Charles W. Irwin was a professor and educational administrator who gave leadership to the early development of three schools that would become major Adventist institutions of higher learning: the Southern Industrial School (later Southern Adventist University), the Avondale School for Christian Workers (later Avondale University College), and Pacific Union College.
Education, Marriage, and Early Career
Charles Walter Irwin was born at Mount Vernon, Ohio, on November 4, 1868, to George Alexander Irwin and his wife, Hannah Antoinette (Johnson). A younger sister, May (b. 1874), did not survive childhood. The family lived at Morris Township just north of Mount Vernon.1
Charles attended local public schools, graduating from high school in June 1887 with a major in Latin. His parents were Congregationalists before joining the Methodists. They made a further major shift when they joined the Seventh-day Adventist church in 1885. Charles was baptized into the faith at the same time. He attended Battle Creek College and graduated from the classical course in June 1891.2 His father was elected as General Conference president in 1897.3
For seven years Charles Irwin taught Latin and New Testament Greek at Union College in Nebraska, October 1891 through June 1898. At the conclusion of that period, he completed a master of arts degree at the University of Nebraska. On August 14, 1895, Charles married Minnie Velara Hennig at Golden Springs, Nebraska, with Eugene Farnsworth the officiating minister.
Following their term at Union College they transferred to Southern Industrial School, Graysville, Tennessee, where Irwin served as principal until May 1901.4 He initiated a course for teacher trainees and he also began one for commercial students.5 Minnie Irwin assisted in the teaching department and as preceptress or matron at times.6 The school’s total number of graduates from all courses combined for the year 1900 was reported to be in excess of one hundred.7
In mid-1901 the Irwins moved to Australia, having been called to the Avondale School for Christian Workers (ASCW) at Cooranbong, New South Wales. It was a similar institution to Southern Industrial School. Charles’ father, George A. Irwin, was president of the Australasian Union Conference and chair of the school board at the time. Charles began teaching Greek and history at the beginning of the school year, January 1902.8 Minnie began teaching sewing in 1903.9
During seven years as principal, 1902 through 1908, Irwin strengthened the academic program offered by the ASCW. He extended the teachers’ course to a two-year period of study with the inclusion of algebra, bookkeeping, general history and extra natural science units.10 In his final year he arranged for the business course to be increased to two years.11 He encouraged the arts by persuading a teacher to conduct private lessons in drawing and oil painting.12 He developed practical lines such as carpentry, blacksmithing, plumbing and tin smithing.13 Together with the domestic sciences these practical units were incorporated into all programs of study. Students were allowed to exercise their personal preference in harmony with their career choices.14 These subjects proved to be invaluable for those who eventually served as overseas missionaries in isolated places where they were obliged to rely on their own resources.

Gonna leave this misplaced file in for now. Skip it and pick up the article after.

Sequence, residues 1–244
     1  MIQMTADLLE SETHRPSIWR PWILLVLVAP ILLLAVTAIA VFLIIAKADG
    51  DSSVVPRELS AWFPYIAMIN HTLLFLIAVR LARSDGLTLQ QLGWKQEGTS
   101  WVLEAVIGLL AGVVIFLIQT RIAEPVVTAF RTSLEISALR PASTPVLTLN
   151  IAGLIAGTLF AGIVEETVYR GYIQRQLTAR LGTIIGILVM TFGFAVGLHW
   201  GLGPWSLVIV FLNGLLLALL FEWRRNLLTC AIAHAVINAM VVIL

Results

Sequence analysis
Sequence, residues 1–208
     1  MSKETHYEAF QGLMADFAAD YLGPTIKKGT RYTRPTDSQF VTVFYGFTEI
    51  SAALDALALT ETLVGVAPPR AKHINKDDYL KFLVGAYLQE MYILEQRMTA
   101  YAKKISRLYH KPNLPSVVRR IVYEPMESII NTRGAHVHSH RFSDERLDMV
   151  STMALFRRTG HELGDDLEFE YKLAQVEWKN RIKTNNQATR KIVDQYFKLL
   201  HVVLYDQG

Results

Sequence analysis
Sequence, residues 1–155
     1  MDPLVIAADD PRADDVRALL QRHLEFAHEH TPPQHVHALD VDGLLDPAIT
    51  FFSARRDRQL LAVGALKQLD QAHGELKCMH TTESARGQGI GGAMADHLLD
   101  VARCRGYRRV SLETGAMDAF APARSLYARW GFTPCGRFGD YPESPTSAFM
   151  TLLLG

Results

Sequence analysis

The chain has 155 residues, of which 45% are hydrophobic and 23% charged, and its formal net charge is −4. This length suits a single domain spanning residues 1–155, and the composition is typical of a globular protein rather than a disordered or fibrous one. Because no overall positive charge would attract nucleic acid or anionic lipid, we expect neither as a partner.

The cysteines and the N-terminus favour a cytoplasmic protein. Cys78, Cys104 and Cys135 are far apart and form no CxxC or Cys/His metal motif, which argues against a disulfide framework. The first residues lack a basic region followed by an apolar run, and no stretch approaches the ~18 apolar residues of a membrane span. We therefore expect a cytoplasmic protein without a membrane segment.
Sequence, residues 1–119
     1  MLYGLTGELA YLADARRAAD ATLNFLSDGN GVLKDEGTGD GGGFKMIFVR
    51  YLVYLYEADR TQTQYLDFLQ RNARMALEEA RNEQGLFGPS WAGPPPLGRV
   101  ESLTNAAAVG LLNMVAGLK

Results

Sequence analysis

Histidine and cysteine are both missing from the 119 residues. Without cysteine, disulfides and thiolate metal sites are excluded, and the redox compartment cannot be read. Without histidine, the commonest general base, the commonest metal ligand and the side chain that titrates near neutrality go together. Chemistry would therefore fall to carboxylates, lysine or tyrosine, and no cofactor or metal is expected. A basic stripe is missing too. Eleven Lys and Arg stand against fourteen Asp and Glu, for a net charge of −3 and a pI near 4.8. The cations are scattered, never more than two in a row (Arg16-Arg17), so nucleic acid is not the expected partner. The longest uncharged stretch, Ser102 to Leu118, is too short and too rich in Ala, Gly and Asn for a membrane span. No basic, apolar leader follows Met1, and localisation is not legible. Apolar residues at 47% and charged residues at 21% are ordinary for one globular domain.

Under Irwin’s leadership at ASCW an additional dormitory was erected for the young women boarding students. It was an attractive building with a mansard roof allowing three storeys. It was dedicated as Preston Hall in 1906.15 A spacious print shop was also built on campus, granting some students experience in the trade.16 The isolation of the campus prevented the installation of the public telephone and electricity services but Irwin organized the establishment of some internal services.17
Pacific Union College
Early in 1909 the Irwins returned to America to prepare for their new appointment, pioneering what became known as Pacific Union College (PUC), formerly Healdsburg College, at St. Helena, California. For $60,000 church officials had purchased a property of over seventeen hundred acres formerly known as the Angwin Health Resort. With very little refurbishing needed the enterprise was ready for opening on September 29, 1909. A former bowling alley was converted into classrooms. A dance hall was easily adapted for use as a chapel. In total there were ten buildings already furnished and ready for use. Additional facilities included a swimming pool, an acetylene gas plant for lighting, stock and stables, wagons, buggies, acres of alfalfa and fruit trees together with forests of pine, fir, and huge redwood trees.18 Circumstances were ideal for Irwin and his faculty to operate the college according to the work-study ethic that underpinned the schools he had previously managed.
In addition to his leadership role at PUC, Irwin taught Latin and New Testament Greek classes. Minnie tutored the bookkeeping students.19 A decade after opening, Irwin reviewed progress. He reported that seventy individuals had earned the bachelor of arts degree and twenty-seven missionaries had sailed for overseas appointments. A 1919 photo of the students and staff showed an enrollment of over two hundred. They were training as ministerial candidates, Bible workers, school teachers, pre-medical entrants and future employees in church commercial offices.20